My Account

Distributions and Taxes

Fund distribution types and how they’re taxed

Fund distributions can generate questions, especially at tax time. Mutual funds must distribute at least 98% of their annual income to investors for the funds to avoid taxation. Learn about four types of income funds that may distribute based on their investments.

Types of Distributions

Keep in mind, the amount of a distribution can increase when the dividend payments or profits increase. A fund's capital gain distribution, however, is not necessarily a reflection of its overall performance.

When a mutual fund makes a profit from the sale of investments in its portfolio, it generally passes the profit on to you in the form of capital gains. Long-term capital gains are gains on securities owned by the fund for more than one year.

A mutual fund earns dividends, interest and other investment income on the securities in which it invests. After a fund subtracts its expenses from the investment income, it distributes the remainder to you as an ordinary income distribution.

The IRS requires that ordinary income distributions include any short-term capital gains (gains on securities owned by the fund for one year or less) realized and distributed by the fund. That means, your short-term capital gains and ordinary income will appear combined in the same box on your tax form.

A special category called "qualified dividends" applies to dividends paid on stock investments. The mutual fund will pass through to investors any qualified dividends it receives from stocks in the fund's portfolio. Short-term capital gain amounts may also be categorized as qualified dividends.

Interest from state and local municipal bonds is exempt from federal taxes and generally is exempt from state taxes in the state in which the bonds were issued. Mutual funds that invest in these securities generally distribute tax-exempt dividends to their investors.

A return of capital distribution is not considered income, rather it is a return of your original investment dollars and is nontaxable.

How You Are Taxed

Distributions generally are subject to federal income taxes and may be subject to state and local taxes, whether you reinvest them or take them in cash. The tax status of a capital gain distribution is determined by how long the mutual fund held the underlying security that was sold, not by how long you have been invested in the fund.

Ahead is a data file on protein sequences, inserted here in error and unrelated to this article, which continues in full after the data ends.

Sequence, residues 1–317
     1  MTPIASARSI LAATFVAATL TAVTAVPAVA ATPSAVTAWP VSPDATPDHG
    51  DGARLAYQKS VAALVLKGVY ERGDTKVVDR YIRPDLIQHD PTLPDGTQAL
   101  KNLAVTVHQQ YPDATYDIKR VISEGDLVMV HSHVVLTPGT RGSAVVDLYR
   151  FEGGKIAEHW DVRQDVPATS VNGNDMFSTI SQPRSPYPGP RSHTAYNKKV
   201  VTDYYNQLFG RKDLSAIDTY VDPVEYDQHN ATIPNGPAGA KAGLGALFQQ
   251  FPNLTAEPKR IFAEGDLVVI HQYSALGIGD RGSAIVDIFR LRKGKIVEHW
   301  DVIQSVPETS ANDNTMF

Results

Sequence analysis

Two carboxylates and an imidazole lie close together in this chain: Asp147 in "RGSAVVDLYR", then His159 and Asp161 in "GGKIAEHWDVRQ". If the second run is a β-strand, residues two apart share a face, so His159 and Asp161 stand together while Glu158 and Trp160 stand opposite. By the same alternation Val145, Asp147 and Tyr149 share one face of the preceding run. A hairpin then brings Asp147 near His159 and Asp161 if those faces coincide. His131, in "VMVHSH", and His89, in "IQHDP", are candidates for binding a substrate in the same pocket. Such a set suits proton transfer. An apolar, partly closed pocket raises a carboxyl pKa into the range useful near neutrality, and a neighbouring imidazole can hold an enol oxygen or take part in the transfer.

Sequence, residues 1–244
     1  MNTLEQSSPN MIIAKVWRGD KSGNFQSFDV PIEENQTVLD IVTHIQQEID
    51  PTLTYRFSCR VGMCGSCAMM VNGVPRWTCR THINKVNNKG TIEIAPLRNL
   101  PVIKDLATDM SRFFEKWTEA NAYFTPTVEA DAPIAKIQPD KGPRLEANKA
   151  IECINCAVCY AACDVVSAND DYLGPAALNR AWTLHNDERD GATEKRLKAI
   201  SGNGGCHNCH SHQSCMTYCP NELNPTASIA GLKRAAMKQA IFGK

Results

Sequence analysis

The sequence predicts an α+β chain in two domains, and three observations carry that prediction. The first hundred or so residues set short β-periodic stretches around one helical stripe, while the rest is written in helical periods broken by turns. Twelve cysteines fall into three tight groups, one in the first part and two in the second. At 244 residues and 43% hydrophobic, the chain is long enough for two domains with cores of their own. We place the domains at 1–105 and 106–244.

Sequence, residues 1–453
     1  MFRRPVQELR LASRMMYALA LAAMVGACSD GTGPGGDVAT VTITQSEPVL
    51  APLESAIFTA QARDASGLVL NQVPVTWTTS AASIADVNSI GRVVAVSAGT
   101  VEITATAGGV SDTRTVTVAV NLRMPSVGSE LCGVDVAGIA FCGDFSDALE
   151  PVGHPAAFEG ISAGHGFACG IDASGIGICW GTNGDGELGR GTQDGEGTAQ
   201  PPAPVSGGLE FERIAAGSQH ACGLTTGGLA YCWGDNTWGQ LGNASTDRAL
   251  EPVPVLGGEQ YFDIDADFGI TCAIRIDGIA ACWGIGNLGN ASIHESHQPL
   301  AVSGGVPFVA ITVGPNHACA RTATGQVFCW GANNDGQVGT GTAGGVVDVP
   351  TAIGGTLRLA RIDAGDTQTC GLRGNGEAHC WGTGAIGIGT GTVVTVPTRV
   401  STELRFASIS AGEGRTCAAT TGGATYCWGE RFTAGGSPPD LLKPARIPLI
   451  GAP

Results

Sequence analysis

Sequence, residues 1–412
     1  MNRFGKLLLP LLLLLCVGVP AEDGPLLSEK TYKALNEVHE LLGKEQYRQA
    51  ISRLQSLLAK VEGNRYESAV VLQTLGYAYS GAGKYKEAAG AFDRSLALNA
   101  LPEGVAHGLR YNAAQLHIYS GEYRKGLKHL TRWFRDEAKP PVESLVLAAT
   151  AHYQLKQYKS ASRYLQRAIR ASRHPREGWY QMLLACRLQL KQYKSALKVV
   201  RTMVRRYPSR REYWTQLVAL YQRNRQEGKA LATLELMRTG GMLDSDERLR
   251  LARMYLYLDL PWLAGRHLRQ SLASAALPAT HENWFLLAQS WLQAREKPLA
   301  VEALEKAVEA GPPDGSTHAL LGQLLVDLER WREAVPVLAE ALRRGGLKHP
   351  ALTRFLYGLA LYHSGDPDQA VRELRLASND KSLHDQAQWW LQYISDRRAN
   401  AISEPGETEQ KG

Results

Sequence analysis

Note: At the time distributions are paid, the type of income may not be fully known. The distribution classification for tax purposes will be determined at the end of each Fund's tax year and appear on Form 1099-DIV. For this reason, amounts shown on your statements and your tax forms may differ.

Your tax bracket determines how much tax you will owe on long-term capital gain distributions, as shown in the table below.

This category also includes short-term capital gains. You will owe tax on these distributions at the rate of your ordinary income tax bracket.

Qualified dividends are taxed at the long-term capital gain rates, as shown in the table below.* They may also include short-term capital gains. To qualify for these reduced rates, you must own the mutual fund shares for a period of 61 days or longer. That period must include the date the fund distributed the dividends.

While the dividends may be tax exempt, a portion of the income may be an adjusting item for the Alternative Minimum Tax. It also is possible to have taxable capital gains from investing in tax-exempt bond funds since bond prices fluctuate in response to changing interest rates. By selling bonds at a profit, a fund can generate capital gain distributions that may be subject to federal and state income taxes.

Based on the income from investments from foreign corporations, the fund pays taxes to foreign governments. These taxes are passed through to individual investors, who can take a credit against their U.S. federal income tax provided they meet certain requirements. You may review the fund's annual report for information regarding the foreign tax calculation at the fund level.

Because this type of distribution is a return of your original investment dollars it is nontaxable. Your cost basis should be reduced by the same amount as the distribution.

Taxation of Capital Gains and Qualified Dividends

The Tax Cut and Jobs Act changed the income tax amount breakpoints for each of the reduced capital gain rates, and will now be indexed for inflation. The changes made by the Tax Cut and Jobs Act will sunset after 2025, and the income rates will revert to pre-2018 income tax rates and amount thresholds, adjusted for inflation.





 $0 to $78,750

$0 to $39,375


$78,251 to $488,850

$39,376 to $434,550


More than $488,851

More than $434,551

The changes made by the Tax Cut and Jobs Act will sunset after 2025, and the income rates will revert to pre-2018 income tax rates and amount thresholds, adjusted for inflation.

Need Additional Help?

Call Us.

IRS Circular 230 Disclosure: American Century Companies, Inc. and its affiliates do not provide tax advice. Accordingly, any discussion of U.S. tax matters contained herein (including any attachments) is not intended or written to be used, and cannot be used, in connection with the promotion, marketing or recommendation by anyone unaffiliated with American Century Companies, Inc. of any of the matters addressed herein or for the purpose of avoiding U.S. tax-related penalties.

This information is for educational purposes only and is not intended as tax advice. Please consult your tax advisor for more detailed information or for advice regarding your individual situation.

This material has been prepared for educational purposes only. It is not intended to provide, and should not be relied upon for, investment, accounting, legal or tax advice.